The Government's release of draft legislation to addressing the Safe Harbour and Ipso Facto Clause reforms mooted in last year's Innovation Statement prompts us to ask: will the legislation go beyond what is necessary to protect directors from prosecution while they are restructuring a business to provide an opportunity for unqualified advisors to take unfair advantage of creditors?
The goals of the proposed legislation are the promotion of a culture of entrepreneurship and a reduction in the stigma around company failure. By reducing the perceived "penalties" associated with formal appointments it is hoped a better outcome will result for all participants, including creditors and employees.
How will the new laws work?
The proposed "Safe Harbour" will apply to directors of companies in the process of a restructure. It will protect them from personal liability for insolvent trading while facilitating informal restructuring efforts. This protection will last as long as the course of action taken is reasonably likely to lead to a better outcome compared to a formal insolvency appointment (i.e. voluntary administration or liquidation). There will be no change to other duties owed by directors to, for example, act in the best interest of their companies, exercise their powers honestly, to keep accurate accounts and report the company's tax and superannuation position to the ATO.
The protection will take effect as soon as the director starts to take a course of action to avoid the company becoming insolvent. The protection will stop if:
- the course of action is no longer reasonably likely to lead to a better outcome, or
- the company goes into formal administration (including receivership).
According to the legislation, the definition of a "better outcome" is "an outcome that is better for both the company and its creditors as a whole than if the company entered some form of external administration".
So how do you tell whether the proposed course of action is reasonably likely to lead to a better outcome for a company and its creditors?
A key factor is whether the director has obtained the appropriate advice from a suitably qualified advisor, assuming the advisor has been given sufficient information to provide solid advice.
The safe harbour will not apply to those directors who have not made adequate provisions for employee entitlements or whose company tax affairs are not up to date.
Suspending "Ipso Facto" clauses: how does it work?
"Ipso Facto" clauses can be found in many contracts. Ipso Facto (Latin for "by the fact itself") clauses either require or allow a supplier, lessor or customer to terminate, suspend or modify a contract (such as a lease or supply agreement) because of an event such as a formal external administration appointment like Voluntary Administration or Receivership even if the company can prove that it can meet the contractual payments or performance obligations.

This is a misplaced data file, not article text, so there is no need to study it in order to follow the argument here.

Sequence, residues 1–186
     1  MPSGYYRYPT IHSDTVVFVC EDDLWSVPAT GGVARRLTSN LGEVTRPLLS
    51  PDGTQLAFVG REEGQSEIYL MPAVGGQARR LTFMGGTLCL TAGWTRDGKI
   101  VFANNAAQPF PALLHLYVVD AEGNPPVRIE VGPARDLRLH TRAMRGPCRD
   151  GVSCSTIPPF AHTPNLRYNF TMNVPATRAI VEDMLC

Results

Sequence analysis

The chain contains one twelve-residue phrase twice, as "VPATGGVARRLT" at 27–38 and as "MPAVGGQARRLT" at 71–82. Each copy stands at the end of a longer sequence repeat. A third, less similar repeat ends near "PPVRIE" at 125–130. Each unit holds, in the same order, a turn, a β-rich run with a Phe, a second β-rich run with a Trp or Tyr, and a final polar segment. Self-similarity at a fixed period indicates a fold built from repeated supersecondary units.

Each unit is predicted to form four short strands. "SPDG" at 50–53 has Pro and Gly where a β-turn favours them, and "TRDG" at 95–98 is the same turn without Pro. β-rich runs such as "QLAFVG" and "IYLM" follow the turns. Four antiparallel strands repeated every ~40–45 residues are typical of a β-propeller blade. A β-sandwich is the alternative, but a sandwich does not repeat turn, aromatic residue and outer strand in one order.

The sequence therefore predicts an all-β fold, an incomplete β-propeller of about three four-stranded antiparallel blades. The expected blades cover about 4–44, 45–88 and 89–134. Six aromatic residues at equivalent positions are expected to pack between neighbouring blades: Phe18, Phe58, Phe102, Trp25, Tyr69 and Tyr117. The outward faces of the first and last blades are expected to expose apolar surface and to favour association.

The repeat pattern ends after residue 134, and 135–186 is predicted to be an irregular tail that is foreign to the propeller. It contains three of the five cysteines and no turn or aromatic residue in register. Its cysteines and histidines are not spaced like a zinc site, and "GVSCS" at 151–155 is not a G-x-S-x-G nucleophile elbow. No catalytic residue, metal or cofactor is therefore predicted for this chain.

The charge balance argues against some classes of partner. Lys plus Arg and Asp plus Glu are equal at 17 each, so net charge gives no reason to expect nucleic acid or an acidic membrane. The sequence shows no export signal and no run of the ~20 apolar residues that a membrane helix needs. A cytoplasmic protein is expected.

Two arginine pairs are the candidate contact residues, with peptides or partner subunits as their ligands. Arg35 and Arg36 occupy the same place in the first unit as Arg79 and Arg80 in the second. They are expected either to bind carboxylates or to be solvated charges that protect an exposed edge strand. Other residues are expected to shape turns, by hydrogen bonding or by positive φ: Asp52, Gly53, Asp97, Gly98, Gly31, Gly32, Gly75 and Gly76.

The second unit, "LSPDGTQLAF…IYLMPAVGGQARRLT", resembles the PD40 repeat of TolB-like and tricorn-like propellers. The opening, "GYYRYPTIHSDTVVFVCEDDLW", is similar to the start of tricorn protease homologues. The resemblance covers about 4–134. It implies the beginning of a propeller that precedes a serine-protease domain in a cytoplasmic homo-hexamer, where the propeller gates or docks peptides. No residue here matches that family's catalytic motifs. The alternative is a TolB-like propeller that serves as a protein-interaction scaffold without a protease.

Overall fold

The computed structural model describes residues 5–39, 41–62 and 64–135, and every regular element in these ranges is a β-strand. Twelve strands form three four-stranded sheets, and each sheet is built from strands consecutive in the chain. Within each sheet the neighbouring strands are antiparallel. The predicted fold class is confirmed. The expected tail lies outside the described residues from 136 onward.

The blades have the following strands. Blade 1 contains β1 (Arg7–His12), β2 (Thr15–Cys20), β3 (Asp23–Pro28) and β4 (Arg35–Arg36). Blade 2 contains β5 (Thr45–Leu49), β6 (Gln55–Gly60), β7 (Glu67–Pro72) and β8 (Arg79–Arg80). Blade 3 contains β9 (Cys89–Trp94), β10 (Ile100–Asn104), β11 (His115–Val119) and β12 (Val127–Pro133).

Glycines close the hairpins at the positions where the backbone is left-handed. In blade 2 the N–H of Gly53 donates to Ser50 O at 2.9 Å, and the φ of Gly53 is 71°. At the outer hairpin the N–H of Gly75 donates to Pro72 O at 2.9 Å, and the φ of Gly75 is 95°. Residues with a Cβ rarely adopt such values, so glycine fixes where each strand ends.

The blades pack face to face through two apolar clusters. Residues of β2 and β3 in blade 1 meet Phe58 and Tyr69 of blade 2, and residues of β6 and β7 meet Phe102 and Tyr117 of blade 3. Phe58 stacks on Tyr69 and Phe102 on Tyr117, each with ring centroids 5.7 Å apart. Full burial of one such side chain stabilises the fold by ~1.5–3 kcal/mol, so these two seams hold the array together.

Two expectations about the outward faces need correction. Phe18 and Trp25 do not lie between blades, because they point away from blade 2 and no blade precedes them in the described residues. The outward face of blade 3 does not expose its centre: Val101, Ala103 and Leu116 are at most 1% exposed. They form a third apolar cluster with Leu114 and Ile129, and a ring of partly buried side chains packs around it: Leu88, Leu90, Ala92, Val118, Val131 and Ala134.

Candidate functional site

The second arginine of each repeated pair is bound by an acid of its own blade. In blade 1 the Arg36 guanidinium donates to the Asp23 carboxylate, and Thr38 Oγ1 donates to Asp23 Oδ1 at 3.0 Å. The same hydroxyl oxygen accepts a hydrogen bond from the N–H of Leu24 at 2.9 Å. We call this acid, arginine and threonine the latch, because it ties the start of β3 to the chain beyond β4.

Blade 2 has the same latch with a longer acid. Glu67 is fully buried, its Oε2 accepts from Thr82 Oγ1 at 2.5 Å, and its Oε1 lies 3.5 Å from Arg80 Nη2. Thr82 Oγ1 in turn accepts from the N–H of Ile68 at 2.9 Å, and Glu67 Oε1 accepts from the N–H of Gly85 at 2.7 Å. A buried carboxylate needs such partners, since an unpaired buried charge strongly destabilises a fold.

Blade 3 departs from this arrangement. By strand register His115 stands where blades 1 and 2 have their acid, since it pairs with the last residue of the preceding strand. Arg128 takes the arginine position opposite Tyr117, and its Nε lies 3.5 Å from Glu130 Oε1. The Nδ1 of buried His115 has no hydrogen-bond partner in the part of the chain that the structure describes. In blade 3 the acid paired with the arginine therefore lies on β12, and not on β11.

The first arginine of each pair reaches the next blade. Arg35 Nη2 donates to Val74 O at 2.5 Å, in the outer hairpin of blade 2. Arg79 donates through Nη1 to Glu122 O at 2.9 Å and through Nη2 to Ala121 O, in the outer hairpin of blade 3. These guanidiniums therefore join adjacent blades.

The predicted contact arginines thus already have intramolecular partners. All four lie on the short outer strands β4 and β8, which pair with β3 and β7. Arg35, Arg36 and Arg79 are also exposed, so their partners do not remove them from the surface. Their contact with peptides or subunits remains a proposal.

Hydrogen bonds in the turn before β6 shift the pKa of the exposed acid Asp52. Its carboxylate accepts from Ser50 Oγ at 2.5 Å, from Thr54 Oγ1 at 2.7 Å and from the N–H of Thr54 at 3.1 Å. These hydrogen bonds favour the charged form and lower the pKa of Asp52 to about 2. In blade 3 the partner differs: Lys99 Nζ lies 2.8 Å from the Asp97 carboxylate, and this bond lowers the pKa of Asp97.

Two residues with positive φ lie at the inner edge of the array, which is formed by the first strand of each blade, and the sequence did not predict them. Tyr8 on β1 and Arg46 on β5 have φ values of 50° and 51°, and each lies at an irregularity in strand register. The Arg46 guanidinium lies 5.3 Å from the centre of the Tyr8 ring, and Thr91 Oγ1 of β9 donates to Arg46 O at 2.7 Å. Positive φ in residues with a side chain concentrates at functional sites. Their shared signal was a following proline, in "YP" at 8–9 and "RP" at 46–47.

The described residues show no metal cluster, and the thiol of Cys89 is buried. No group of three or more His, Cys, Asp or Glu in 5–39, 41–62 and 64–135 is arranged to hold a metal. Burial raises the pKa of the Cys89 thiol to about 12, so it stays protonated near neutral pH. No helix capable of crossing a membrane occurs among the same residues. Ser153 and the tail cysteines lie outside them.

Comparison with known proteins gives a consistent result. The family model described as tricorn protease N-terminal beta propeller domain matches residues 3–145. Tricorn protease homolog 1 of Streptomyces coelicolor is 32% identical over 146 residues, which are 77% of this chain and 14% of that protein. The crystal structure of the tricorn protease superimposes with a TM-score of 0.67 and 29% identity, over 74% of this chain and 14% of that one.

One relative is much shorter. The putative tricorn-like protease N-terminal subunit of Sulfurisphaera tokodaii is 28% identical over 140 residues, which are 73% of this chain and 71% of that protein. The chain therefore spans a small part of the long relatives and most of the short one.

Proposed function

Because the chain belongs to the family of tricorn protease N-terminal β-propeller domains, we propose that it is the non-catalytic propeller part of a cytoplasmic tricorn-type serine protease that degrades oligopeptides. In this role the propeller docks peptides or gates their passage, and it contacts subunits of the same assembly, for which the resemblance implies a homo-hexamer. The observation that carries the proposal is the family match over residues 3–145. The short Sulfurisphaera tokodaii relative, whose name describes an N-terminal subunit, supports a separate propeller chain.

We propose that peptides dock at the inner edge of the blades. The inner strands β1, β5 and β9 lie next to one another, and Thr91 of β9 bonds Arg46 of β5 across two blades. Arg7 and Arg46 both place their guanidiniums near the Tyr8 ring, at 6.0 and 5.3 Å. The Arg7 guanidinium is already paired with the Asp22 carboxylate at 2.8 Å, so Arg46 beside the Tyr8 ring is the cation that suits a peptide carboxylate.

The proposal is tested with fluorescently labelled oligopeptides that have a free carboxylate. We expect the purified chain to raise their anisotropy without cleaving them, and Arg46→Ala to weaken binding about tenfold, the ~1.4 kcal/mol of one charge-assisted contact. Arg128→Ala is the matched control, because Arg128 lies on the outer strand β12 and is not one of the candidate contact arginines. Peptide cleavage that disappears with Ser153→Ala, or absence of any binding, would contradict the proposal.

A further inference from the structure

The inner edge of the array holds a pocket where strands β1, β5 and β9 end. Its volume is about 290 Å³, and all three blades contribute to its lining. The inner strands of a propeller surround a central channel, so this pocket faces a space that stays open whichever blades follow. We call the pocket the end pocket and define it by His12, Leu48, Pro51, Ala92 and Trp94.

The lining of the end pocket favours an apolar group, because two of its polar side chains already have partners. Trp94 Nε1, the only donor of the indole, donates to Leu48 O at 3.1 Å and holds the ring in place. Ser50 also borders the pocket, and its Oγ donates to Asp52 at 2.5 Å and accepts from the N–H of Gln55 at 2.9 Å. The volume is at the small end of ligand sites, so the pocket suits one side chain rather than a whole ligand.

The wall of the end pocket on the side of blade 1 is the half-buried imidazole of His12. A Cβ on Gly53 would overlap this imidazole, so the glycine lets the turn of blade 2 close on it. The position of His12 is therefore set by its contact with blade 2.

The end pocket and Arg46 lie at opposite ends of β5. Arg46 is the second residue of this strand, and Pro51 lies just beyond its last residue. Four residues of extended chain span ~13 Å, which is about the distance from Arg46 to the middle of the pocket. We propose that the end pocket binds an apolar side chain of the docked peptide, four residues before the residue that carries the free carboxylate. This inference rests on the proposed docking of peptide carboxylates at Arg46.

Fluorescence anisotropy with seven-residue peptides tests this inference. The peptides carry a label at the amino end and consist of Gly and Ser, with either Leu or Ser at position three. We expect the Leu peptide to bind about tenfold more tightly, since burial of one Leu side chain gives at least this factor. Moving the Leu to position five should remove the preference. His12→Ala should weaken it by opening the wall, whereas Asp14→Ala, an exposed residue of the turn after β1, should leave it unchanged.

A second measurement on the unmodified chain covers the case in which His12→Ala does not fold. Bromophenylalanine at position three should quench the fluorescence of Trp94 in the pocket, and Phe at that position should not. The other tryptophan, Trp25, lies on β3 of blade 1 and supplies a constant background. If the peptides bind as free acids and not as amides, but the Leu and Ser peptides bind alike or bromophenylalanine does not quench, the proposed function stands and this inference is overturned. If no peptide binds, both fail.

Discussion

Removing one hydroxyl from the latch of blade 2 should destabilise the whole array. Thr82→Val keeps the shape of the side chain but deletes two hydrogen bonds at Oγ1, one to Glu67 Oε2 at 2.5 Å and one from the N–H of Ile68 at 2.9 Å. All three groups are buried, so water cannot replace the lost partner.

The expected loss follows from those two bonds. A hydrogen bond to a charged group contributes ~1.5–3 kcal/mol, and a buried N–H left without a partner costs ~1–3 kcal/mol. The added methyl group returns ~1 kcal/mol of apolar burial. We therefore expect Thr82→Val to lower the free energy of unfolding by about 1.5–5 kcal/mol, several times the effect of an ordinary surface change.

These clauses have stopped companies from restructuring or trading out of financial difficulties in the past after a formal appointment, as a restructure proposal has not been able to be implemented due to the termination of vital contracts.
The bottom line: what are the key reforms?
- There will be a "stay", or suspension of the operation of Ipso Facto clauses in most (but not all) contracts when a company enters into a scheme of arrangement or a voluntary administration. The court will have the power to override the stay. There are certain conditions where the stay will not apply. All the details are found in the regulations.
- Importantly, even though a stay on enforcement of an Ipso Facto clause may be in place, a party to a contract will not be obliged to provide additional credit. This means that if the contract is with a party whose continued support is crucial to the ongoing trade of the company, and their position cannot be renegotiated, a restructure may still not be able to proceed.
The concerns for accountants and lawyers advising their clients are clear
The reforms are significant as they remove a restriction on taking early action by directors facing possible insolvency, and provide a mechanism for directors to work towards the company's recovery and continued success. They are designed to do so in ways that provide creditors with some protection, although those protections will inevitably be weaker than the existing law.
However, as they now stand, the reforms do not address a secured creditor's right to enforce their security. To be successful, any restructure will require skilful negotiation with those secured creditors. The directors, their advisors and secured creditors will need up-to-date financial information, and would be concerned if that information could not be supplied in a timely manner.
For the reforms to be effective, directors will need to form a strong and healthy relationship with their accountant and ensure that they maintain good bookkeeping records and are informed about their company's financial position.
The proposed legislation does not clarify what is an "appropriately qualified entity". It appears that it is not a requirement for the specialist to be a qualified restructuring professional.
This could lead to many directors being taken advantage of by those who profess to be specialists in restructuring but have no real qualifications or experience in these matters. There is a risk that the less reputable advisors who haunt the "pre insolvency" market may take advantage of this loophole. Accountants and lawyers will need to advise their clients to be wary of relying on unprincipled and unqualified "advisors".
The content of this article is intended to provide a general guide to the subject matter. Specialist advice should be sought about your specific circumstances.